Despite the fall of actually-existing socialism, the idea of computerized economic planning continued to be developed by small groups of theorists, who have advanced its conceptual scope further than anything attempted by Soviet cyberneticians. Two schools have been of particular importance: the ‘New Socialism’ of Scottish computer scientists Paul Cockshott and Alan Cottrell (1993); and the German ‘Bremen School’, which includes Peter Arno (2002) and Heinz Dieterich (2006), the latter an advocate of Venezuelan-style ‘Twenty First Century Socialism’. These tendencies have recently converged (Cockshott, Cottrell & Dieterich, 2010). However, because little of the Bremen group’s work is translated, the focus here will be on the New Socialism of Cockshott and Cottrell.
The distinguishing mark of the New Socialist project is its classic Marxist rigor. Accordingly, its twenty-first century super-computer planning follows to the letter the logic of the late nineteenth century Critique of the Gotha Program (Marx, 1970), which famously suggests that at the first, ‘lower’ stage to communism, before conditions of abundance allow ‘to each according to his needs’, remuneration will be determined by the hours of socially necessary labour required to produce goods and services. In the capitalist workplace, workers are paid for the reproduction of the capacity to labour, rather than for the labour actually extracted from them; it is this that enables the capitalist to secure surplus value. The elimination of this state of affairs, Cockshott and Cottrell contend, requires nothing less than the abolition of money—that is, the elimination of the fungible general medium of exchange that, through a series of metamorphoses of money in and out of the commodity form, creates the self-expanding value that is capital. In their new Socialism, work would be remunerated in labour certificates; an hour’s work could be exchanged for goods taking, on a socially average basis, an equivalent time to produce. The certificates would be extinguished in this exchange; they would not circulate, and could not be used for speculation. Because workers would be paid the full social value of their labour, there would be no owner profits, and no capitalists to direct resource allocation. Workers would, however, be taxed to establish a pool of labour-time resources available for social investments made by planning boards whose mandate would be set by democratic decisions on overall social goals.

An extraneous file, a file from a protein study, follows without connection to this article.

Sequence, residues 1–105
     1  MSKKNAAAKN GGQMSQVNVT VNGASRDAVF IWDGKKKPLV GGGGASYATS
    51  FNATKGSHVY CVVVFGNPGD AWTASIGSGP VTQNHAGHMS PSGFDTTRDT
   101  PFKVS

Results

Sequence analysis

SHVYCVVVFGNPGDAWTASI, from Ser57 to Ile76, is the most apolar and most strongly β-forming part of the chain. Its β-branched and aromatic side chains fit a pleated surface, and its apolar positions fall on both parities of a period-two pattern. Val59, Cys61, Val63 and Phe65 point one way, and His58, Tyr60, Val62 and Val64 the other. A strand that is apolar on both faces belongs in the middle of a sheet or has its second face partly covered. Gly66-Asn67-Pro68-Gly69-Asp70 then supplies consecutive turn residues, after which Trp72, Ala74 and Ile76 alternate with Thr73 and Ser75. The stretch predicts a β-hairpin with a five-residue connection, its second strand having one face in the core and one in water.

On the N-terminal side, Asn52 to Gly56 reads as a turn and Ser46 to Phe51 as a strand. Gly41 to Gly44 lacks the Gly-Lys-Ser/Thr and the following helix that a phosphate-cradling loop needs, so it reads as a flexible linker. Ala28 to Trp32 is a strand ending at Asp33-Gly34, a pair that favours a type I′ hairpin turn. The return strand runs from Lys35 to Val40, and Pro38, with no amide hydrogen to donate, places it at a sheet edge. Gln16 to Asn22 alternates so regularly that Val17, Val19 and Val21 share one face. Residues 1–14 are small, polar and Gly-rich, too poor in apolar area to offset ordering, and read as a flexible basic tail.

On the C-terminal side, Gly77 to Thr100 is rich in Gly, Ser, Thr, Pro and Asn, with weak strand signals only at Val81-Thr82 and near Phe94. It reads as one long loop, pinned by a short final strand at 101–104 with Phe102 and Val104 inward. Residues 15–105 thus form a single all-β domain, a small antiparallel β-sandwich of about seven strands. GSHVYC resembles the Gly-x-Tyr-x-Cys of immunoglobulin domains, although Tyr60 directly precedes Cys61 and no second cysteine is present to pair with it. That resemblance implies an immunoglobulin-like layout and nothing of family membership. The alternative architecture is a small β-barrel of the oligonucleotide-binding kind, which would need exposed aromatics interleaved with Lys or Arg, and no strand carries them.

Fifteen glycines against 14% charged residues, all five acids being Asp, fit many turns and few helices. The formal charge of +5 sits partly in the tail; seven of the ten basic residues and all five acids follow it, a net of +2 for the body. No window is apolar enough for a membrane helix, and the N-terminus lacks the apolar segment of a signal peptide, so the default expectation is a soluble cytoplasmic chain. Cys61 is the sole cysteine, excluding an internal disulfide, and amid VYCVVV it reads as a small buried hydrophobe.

Labour time thus provides the ‘objective unit of value’ for the New Socialism (Cockshott & Cottrell 2003: 3). It is at this point that its proponents invoke the capacities of information technology. Such a system would require an enumeration of the labour time expended, both directly and indirectly, in the creation of goods and services, to assess the number certificates for which these goods and services can be exchanged, and to enable the planning of their production. The basic tool of the input-output table reappears, with special attention to labour time, both as an input necessary for the production of goods, and as an output that itself requires the inputs of training and education. However, here the New Socialists have to confront a basic objection. Since the fall of the USSR it has been conventionally accepted that the scale of information processing attempted by its cyberneticians was simply too large to be feasible. Writing in the 1980s, Nove (1983) suggested that such an effort, involving the production of some twelve million discrete items, would demand a complexity input-output calculation impossible even with computers. This claim was repeated in recent discussions of Red Plenty, with critics of central planning suggesting that, even using a contemporary ‘desktop machine’, solving the equations would take ‘roughly a thousand years’ (Shalizi, 2012).
Cockshott and Cottrell’s answer involves new tools, both conceptual and technical. The theoretical advances are drawn from branches of computing science that deal with abbreviating the number of discrete steps needed to complete a calculation. Such analysis, they suggest, shows their opponents’ objections are based on ‘pathologically inefficient’ methods (Cockshott, in Shalizi, 2012).